Histogram Equalization is used in image processing to “enhance” a grayscale image by increasing its contrast and often used in images where both foreground and background are dark or light.
The image might actually look bad photography wise but makes it better for scientific purposes like thermal, xrays, satellite images.
An image histogram is a graph of the tonal distribution (the lightness) of an image.
What histogram equalization does is to try to make the stuff in the graph above more spread out instead of the clump we see right now that’s in the middle.
How to do it
Wikipedia has a link to some pseudo-code in the “External Links” area of their page on the same subject. Here I will just show the basic steps:
You will need the grayscale image in matrix form
- Count total number of pixels in a certain intensity, for all intensities.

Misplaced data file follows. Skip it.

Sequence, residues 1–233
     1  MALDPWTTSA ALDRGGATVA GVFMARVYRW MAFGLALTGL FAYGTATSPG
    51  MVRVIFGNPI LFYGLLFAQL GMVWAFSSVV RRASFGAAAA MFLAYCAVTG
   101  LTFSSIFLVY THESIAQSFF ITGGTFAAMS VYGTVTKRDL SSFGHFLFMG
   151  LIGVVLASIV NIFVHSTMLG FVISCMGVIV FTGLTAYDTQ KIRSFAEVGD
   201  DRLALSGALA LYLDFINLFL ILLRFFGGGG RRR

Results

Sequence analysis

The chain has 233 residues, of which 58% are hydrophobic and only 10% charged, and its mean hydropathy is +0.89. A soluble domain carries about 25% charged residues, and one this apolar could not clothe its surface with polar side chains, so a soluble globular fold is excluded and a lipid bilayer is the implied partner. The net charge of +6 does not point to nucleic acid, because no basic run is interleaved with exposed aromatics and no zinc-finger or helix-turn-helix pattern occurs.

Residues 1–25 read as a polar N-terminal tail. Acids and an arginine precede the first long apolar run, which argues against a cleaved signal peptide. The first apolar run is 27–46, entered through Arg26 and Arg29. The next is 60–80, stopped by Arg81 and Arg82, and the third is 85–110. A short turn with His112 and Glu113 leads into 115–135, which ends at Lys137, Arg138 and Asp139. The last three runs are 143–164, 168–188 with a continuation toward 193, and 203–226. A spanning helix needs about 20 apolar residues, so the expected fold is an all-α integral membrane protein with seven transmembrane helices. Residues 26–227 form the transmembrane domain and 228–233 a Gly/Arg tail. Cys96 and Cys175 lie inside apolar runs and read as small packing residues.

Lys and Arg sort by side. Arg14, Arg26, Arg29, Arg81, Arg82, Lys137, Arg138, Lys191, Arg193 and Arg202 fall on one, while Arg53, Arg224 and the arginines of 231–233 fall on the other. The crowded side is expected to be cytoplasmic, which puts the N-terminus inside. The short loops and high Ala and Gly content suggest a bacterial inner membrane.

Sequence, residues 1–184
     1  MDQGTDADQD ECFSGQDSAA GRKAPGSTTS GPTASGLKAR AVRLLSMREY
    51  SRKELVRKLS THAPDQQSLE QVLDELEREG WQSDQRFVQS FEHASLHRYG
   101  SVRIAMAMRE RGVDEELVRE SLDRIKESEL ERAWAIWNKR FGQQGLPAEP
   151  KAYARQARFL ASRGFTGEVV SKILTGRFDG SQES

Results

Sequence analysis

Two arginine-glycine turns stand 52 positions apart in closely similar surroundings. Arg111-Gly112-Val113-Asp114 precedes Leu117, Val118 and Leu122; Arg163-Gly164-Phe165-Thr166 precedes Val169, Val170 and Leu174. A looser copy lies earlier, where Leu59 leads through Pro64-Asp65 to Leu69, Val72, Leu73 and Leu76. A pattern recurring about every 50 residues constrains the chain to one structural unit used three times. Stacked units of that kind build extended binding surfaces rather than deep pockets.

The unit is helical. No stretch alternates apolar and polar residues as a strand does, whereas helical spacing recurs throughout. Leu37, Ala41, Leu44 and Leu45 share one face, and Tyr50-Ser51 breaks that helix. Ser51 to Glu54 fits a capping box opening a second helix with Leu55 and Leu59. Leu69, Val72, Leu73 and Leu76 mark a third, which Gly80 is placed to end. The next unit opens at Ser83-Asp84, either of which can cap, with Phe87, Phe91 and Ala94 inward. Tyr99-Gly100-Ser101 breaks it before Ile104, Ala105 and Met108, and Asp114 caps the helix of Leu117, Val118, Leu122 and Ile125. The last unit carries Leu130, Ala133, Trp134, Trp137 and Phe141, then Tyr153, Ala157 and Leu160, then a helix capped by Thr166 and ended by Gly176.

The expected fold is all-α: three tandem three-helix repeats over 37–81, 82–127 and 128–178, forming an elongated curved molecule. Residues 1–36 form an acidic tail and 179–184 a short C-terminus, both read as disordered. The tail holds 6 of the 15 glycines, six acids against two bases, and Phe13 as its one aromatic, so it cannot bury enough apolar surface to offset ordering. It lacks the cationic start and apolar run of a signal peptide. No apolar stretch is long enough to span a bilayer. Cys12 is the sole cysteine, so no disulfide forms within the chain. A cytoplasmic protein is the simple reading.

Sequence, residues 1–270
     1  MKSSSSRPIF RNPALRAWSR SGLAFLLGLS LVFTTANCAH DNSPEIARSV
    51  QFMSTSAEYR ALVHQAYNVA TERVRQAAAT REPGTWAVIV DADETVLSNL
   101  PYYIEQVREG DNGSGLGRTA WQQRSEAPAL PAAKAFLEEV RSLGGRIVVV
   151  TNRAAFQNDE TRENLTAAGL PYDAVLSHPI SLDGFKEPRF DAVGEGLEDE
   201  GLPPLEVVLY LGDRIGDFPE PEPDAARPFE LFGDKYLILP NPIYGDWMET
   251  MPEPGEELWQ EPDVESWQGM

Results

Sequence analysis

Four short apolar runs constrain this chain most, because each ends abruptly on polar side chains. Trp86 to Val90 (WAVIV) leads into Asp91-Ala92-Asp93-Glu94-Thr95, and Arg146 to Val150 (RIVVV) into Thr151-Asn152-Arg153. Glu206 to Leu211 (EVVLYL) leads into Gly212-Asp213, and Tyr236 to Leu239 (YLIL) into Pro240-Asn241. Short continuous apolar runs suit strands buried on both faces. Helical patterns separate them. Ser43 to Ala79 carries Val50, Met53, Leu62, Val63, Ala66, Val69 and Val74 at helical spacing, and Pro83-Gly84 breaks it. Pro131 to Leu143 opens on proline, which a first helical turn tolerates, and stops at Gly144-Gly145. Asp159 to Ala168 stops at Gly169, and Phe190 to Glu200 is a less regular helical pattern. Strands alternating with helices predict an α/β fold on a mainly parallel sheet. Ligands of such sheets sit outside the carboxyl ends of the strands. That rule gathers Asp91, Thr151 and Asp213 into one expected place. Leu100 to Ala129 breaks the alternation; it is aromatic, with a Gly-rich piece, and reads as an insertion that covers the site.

- Get the pixel probability (number of pixels in that intensity / total number of pixels in image)
- Get cumulative pixel probability (copy first probability then add the next probability. Keep doing this for all probabilities, like 0.6 = 0.6, 0.6 + 0.25 = 0.85, 0.85 + 0.03 = 0.87… until it is = 1)
- Multiply the cumulative probability of a pixel by the maximum intensity
- Round up or round down to make the new cumulative probability a whole number
- Map these new values to a new image matrix
The pixels should be evenly distributed through the intensity range. It should look something like this